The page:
ASCII (Transact-SQL)

Applies to: SQL Server Azure SQL Database Azure SQL Managed Instance Azure Synapse Analytics Analytics Platform System (PDW) SQL Endpoint in Microsoft Fabric Warehouse in Microsoft Fabric

Returns the ASCII code value of the leftmost character of a character expression.

Transact-SQL syntax conventions

Syntax

ASCII ( character_expression )  

Note

To view Transact-SQL syntax for SQL Server 2014 and earlier, see Previous versions documentation.

Arguments

character_expression
An expression of type char or varchar.

Return types

int

Remarks

ASCII stands for American Standard Code for Information Interchange. It serves as a character encoding standard for modern computers. See the Printable characters section of ASCII for a list of ASCII characters.

ASCII is a 7-bit character set. Extended ASCII or High ASCII is an 8-bit character set that is not handled by the ASCII function.

Examples

A. This example assumes an ASCII character set, and returns the ASCII value for 6 characters.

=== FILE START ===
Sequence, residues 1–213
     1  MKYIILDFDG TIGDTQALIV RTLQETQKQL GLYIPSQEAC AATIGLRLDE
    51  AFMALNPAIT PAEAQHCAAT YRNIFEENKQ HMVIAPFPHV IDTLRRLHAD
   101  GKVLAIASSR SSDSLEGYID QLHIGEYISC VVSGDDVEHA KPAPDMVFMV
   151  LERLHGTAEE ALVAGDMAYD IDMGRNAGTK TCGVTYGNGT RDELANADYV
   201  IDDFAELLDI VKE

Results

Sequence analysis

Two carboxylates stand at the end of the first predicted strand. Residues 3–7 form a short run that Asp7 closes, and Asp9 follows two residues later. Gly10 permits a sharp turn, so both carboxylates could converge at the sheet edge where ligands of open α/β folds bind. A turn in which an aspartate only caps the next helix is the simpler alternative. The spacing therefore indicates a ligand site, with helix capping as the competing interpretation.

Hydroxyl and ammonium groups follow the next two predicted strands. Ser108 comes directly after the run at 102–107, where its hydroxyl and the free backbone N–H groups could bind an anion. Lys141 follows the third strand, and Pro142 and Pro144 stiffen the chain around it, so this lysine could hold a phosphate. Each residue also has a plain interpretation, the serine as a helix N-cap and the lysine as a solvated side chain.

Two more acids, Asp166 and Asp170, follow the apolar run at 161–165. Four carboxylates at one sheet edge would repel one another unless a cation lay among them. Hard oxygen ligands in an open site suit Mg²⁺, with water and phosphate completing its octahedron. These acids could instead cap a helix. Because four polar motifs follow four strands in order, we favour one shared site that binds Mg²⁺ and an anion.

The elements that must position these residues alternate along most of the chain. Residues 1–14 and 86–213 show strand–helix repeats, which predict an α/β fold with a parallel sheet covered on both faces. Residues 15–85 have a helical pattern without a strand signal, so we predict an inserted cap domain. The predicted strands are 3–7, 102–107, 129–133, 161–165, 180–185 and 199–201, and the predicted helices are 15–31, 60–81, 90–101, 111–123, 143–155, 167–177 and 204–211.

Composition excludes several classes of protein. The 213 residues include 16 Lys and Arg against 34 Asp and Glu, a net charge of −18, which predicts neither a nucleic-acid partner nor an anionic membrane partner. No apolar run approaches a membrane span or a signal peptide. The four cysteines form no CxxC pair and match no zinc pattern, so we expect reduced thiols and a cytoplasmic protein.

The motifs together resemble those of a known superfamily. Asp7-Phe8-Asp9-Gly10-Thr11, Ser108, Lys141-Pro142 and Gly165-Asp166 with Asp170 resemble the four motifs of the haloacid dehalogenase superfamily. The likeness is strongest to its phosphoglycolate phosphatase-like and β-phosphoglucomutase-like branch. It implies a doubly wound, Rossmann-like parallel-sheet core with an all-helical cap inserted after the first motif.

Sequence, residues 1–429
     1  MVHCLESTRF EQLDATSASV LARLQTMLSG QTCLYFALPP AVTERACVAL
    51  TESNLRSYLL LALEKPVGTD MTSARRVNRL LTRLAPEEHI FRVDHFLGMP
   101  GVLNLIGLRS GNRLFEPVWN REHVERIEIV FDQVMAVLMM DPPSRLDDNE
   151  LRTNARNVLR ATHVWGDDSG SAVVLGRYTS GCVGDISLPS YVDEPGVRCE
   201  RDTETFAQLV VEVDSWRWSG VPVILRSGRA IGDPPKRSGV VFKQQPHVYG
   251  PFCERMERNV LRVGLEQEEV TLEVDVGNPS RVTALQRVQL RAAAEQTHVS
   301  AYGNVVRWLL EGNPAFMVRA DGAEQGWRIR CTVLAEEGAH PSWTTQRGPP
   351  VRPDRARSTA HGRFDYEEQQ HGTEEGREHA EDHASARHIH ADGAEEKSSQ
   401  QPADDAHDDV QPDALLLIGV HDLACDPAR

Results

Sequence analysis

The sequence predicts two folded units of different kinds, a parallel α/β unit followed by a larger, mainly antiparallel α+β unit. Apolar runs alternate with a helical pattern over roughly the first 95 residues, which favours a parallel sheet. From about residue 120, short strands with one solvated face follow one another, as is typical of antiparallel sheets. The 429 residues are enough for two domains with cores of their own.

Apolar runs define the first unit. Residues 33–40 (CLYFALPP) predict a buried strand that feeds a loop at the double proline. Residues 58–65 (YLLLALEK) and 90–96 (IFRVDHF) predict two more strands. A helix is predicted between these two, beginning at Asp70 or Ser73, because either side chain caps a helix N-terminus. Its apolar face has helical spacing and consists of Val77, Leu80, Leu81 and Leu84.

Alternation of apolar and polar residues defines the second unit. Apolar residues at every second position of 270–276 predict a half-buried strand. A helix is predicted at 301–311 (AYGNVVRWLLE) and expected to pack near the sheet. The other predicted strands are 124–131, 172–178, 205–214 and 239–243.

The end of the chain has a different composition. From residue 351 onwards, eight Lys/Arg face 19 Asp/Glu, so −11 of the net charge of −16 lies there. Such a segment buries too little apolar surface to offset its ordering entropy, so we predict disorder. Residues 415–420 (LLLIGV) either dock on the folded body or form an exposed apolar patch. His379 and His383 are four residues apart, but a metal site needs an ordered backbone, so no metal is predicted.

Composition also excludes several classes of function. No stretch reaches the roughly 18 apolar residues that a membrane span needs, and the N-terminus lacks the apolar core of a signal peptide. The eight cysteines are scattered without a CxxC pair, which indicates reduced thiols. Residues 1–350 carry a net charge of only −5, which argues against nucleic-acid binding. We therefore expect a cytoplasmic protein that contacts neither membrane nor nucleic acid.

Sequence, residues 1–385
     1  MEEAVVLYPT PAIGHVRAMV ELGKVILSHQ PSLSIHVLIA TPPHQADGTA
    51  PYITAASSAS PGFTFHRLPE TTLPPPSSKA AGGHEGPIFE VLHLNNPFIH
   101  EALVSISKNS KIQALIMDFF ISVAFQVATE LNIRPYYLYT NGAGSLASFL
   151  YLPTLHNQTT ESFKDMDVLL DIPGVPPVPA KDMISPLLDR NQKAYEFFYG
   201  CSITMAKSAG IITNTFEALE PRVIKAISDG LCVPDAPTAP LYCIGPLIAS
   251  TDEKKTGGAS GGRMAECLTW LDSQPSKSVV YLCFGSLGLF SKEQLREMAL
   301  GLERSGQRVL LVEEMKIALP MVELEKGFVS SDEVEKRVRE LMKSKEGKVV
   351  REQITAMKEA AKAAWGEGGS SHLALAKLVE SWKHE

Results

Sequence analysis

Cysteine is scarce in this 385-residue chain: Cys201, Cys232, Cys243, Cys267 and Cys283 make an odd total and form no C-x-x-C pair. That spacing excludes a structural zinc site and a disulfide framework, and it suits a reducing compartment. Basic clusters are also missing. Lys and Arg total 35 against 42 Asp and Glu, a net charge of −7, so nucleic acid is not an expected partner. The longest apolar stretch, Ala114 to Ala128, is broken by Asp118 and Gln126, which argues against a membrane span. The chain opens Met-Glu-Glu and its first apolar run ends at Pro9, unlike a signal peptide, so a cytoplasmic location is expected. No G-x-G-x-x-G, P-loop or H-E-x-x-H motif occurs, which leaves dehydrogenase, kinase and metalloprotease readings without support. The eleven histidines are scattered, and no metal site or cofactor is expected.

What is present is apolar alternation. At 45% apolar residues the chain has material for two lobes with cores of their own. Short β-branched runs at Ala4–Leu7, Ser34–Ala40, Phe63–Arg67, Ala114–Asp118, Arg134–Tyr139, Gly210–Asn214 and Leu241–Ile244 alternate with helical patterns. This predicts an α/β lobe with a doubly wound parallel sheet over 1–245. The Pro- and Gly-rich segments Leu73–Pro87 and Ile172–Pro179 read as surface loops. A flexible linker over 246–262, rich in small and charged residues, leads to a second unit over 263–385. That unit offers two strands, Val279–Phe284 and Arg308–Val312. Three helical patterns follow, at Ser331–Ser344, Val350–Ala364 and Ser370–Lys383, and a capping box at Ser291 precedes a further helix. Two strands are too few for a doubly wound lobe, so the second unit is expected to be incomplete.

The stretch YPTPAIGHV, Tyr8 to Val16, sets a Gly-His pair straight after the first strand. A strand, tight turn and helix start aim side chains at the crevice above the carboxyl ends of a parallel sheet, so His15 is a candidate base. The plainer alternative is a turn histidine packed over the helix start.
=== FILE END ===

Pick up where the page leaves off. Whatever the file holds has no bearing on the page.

SELECT ASCII('A') AS A, ASCII('B') AS B,   
ASCII('a') AS a, ASCII('b') AS b,  
ASCII(1) AS [1], ASCII(2) AS [2];  

Here is the result set.

A           B           a           b           1           2  
----------- ----------- ----------- ----------- ----------- -----------  
65          66          97          98          49          50  

B. This examples shows how a 7-bit ASCII value is returned correctly, but an 8-bit Extended ASCII value is not handled.

SELECT ASCII('P') AS [ASCII], ASCII('æ') AS [Extended_ASCII];

Here is the result set.

ASCII       Extended_ASCII
----------- --------------
80          195

To verify if the results above map to the correct character code point, use the output values with the CHAR or NCHAR function:

SELECT NCHAR(80) AS [CHARACTER], NCHAR(195) AS [CHARACTER];

Here is the result set.

CHARACTER CHARACTER
--------- ---------
P         Ã

From the previous result, notice that the character for code point 195 is à and not æ. This is because the ASCII function is capable of reading the first 7-bit stream, but not the extra bit. The correct code point for character æ can be found using the UNICODE function, which is capable or returning the correct character code point:

SELECT UNICODE('æ') AS [Extended_ASCII], NCHAR(230) AS [CHARACTER];

Here is the result set.

Extended_ASCII CHARACTER
-------------- ---------
230            æ

See also

CHAR (Transact-SQL)
NCHAR (Transact-SQL)
UNICODE (Transact-SQL)
String Functions (Transact-SQL)